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base AB, the whole wedge forces its way. It is generally understood, that the wedge acts upon the principle of a double inclined plane. The less the breadth of the base AB is, in proportion to the length of the two sides AC, BC, the greater is the acquired power. It is calculated accordingly in theory, that, if AC and BC, taken together, be four times the length of AB, or, which is the same thing, if AC be four times the length of AD, the half of AB, the power will be equal to four times the resistance; and if the wood cleave at a distance before the wedge (which is the case with most kinds of timber), the advantage acquired is computed to be A D B still greater. But, in truth, where there is so much friction, it is difficult to attain a precise calculation upon the subject. Hatchets and chisels, and other sharp instruments, having both edges sloped, act upon the principle of the wedge. So also does the knife, in so far as it is used to split; but it acts also upon the principle of a fine saw, and therefore it is that it is drawn backward and forward across the body to becut. It has justly been remarked, as one of the many proofs of wisdom displayed in the Creation, that the beaks of birds are formed in the shape of wedges, for the purpose of enabling them to dig into the ground, or into the bark of trees, and to break the shells of fruit.-VI. The last mechanical power we have mentioned is the SCREW. It consists of two parts, the more properly so called, and the nut. The screw is a cylinder with a spiral protuberance, which is called its thread, apparently coiled round it in the same manner as the ivy twines round the oak, or a serpent twists itself round a pole. From this last circumstance the thread sometimes receives the name of a worm. The nut, which is the weight to be moved, is generally a heavy piece of iron, with a hole perforated in the centre, which is so grooved as to accommodate itself to the spiral twistings of the screw, upon which the nut


moves. To the nut there is affixed a handle, which handle and nut taken together are called a winch. The screw acts upon the principle of an inclined plane, by which the body, in place of rising in a straight line, gradually ascends by a spiral curve to the A top. Cut a piece of paper in the shape of the triangle ABC, of which the side AC obviously represents an inclined plane ; apply the side AB to a stick or other cylinder, and wrap the paper round it; and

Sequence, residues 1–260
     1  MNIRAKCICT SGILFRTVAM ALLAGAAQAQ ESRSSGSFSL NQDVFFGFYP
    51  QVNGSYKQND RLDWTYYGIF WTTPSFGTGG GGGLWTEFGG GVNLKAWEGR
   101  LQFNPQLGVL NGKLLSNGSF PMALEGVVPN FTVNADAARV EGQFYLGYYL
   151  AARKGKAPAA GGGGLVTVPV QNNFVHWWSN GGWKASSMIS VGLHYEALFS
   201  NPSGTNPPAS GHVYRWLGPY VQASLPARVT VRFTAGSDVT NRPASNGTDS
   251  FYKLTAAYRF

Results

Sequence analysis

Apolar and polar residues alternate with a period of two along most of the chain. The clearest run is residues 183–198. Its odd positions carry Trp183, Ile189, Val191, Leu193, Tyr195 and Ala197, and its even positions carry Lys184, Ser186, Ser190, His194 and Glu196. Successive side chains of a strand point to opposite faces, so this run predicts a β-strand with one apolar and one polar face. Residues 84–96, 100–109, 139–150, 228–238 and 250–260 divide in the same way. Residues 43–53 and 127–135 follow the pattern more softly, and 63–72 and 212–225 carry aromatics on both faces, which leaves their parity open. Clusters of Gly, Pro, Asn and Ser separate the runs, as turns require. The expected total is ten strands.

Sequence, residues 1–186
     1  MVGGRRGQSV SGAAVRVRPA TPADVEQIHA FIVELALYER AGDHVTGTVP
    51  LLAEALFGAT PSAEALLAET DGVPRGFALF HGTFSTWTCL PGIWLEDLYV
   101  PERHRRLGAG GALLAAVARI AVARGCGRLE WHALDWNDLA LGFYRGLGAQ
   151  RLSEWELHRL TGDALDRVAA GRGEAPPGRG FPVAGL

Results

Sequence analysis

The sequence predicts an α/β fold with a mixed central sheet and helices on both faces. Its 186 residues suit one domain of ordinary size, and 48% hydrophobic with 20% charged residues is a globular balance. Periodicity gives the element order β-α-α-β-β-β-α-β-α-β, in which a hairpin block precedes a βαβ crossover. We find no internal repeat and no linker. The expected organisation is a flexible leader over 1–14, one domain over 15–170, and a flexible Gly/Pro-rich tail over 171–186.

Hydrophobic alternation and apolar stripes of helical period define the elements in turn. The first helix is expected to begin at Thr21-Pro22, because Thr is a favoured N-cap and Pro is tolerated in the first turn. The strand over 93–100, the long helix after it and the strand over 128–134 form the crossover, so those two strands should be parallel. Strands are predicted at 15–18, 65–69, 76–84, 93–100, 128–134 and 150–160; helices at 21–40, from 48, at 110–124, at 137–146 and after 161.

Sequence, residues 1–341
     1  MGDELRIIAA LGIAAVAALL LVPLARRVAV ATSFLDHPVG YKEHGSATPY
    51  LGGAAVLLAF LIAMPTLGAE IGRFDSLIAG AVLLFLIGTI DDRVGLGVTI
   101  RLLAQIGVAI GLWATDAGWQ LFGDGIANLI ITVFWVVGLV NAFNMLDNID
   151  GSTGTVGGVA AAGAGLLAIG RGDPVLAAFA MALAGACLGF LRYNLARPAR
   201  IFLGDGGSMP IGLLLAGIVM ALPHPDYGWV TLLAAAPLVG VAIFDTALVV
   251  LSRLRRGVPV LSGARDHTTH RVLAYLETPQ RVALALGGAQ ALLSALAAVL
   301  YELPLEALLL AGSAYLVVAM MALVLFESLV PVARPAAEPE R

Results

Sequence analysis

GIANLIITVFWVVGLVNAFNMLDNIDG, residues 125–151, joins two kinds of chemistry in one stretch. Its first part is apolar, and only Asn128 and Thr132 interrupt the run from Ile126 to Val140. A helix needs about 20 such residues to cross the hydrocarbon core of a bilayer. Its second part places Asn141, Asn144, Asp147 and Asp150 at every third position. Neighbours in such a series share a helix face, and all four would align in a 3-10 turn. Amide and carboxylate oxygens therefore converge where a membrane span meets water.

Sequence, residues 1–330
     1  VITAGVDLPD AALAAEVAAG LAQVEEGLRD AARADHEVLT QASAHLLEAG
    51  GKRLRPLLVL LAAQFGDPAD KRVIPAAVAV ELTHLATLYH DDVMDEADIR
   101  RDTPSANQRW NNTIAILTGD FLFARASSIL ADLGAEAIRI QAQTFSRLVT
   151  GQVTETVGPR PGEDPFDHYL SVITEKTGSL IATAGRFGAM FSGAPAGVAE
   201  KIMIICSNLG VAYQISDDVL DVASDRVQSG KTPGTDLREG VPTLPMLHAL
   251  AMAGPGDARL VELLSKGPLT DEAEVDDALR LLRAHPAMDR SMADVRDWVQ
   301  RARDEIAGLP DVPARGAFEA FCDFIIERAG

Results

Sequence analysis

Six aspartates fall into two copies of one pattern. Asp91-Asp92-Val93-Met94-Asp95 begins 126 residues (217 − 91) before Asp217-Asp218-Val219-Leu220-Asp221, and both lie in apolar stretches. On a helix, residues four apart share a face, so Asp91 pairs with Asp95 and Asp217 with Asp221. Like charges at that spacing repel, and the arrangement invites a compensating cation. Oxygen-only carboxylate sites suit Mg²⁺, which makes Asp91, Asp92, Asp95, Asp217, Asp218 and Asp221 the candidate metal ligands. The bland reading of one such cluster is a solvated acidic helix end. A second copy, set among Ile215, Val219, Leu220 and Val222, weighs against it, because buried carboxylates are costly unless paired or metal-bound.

will see at once that the line AC representing the inclined plane, has become the spiral of a screw.

B С The closer the parts of the thread are to each other, the more is the advantage gained by the screw. The operation of this power will, I think, be well understood by the following familiar illustration. If, in place of attempting to ascend a high hill in a straight and perpendicular direction, we make use of a path, which winds spirally round the hill till we reach the summit, our ascent, as every one knows, will be rendered much easier : and this facility will be more and more increased, as the different parts of the winding path approach more closely to each other.-Hitherto we have only considered the operation of that part of this mechanical power, which is more properly called the screw. You will, however, at once perceive, that the handle also acts as a lever, and that in proportion as its length is in'creased greater power is acquired. The power of a screw therefore may be augmented, either by diminishing the distance between the parts of the thread, or by lengthening the handle. This mechanical force is employed by bookbinders and printers, and in the manufacture of wine, cider, and sometimes cheese, &c.


A Fluid is a body, the particles of which yield to any impression, and are easily moved among each other. This defective cohesion, among the particles of fluids,

has been explained by some philosophers upon the supposition, that these particles are not only small but smooth and round.-Fluids are of two kinds; what are called non-elastic fluids or liquids, such as water, oil, quicksilver; and elastic fluids, such as the atmospheric air, vapours, and gases of every description. It is the mechanical properties of liquids, that are to form the particular subject of the present article. Liquids are very little susceptible of being compressed into a smaller bulk than their natural state. A striking il. lustration of this was, on one occasion, supposed to be given, by means of a celebrated experiment made at Florence; in which a hollow globe of gold, being filled with water, and subjected to a very strong pressure,

the water was seen to escape through the pores of the gold, and to cover the external parts of the globe with moisture. By other experiments, however, it has been shown, that liquids are not altogether unsusceptible of compression, and somedoubts have even been expressed with regard to the accuracy of the Florence experiment. The pores of liquid bodies are too minute to be visible, but that these bodies are porous appears from the experiments last mentioned, as well as from other circumstances.